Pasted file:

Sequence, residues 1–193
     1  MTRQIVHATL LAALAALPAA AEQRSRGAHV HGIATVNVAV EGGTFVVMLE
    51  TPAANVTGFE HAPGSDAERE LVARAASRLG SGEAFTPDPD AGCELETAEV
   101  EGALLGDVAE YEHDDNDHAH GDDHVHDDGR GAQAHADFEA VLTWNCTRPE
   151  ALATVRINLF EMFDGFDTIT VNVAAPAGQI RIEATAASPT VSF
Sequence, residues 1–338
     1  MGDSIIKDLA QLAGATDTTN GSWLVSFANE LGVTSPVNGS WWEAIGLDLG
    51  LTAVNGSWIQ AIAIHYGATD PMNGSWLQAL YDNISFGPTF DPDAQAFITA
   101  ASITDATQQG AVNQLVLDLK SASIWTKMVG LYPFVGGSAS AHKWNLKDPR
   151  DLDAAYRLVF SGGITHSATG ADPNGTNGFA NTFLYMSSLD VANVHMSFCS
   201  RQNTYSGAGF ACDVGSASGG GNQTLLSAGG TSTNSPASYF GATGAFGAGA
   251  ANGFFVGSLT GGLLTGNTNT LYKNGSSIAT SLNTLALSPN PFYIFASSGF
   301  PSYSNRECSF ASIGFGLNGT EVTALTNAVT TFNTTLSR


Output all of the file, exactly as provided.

Sequence, residues 1–193
     1  MTRQIVHATL LAALAALPAA AEQRSRGAHV HGIATVNVAV EGGTFVVMLE
    51  TPAANVTGFE HAPGSDAERE LVARAASRLG SGEAFTPDPD AGCELETAEV
   101  EGALLGDVAE YEHDDNDHAH GDDHVHDDGR GAQAHADFEA VLTWNCTRPE
   151  ALATVRINLF EMFDGFDTIT VNVAAPAGQI RIEATAASPT VSF
Sequence, residues 1–338
     1  MGDSIIKDLA QLAGATDTTN GSWLVSFANE LGVTSPVNGS WWEAIGLDLG
    51  LTAVNGSWIQ AIAIHYGATD PMNGSWLQAL YDNISFGPTF DPDAQAFITA
   101  ASITDATQQG AVNQLVLDLK SASIWTKMVG LYPFVGGSAS AHKWNLKDPR
   151  DLDAAYRLVF SGGITHSATG ADPNGTNGFA NTFLYMSSLD VANVHMSFCS
   201  RQNTYSGAGF ACDVGSASGG GNQTLLSAGG TSTNSPASYF GATGAFGAGA
   251  ANGFFVGSLT GGLLTGNTNT LYKNGSSIAT SLNTLALSPN PFYIFASSGF
   301  PSYSNRECSF ASIGFGLNGT EVTALTNAVT TFNTTLSR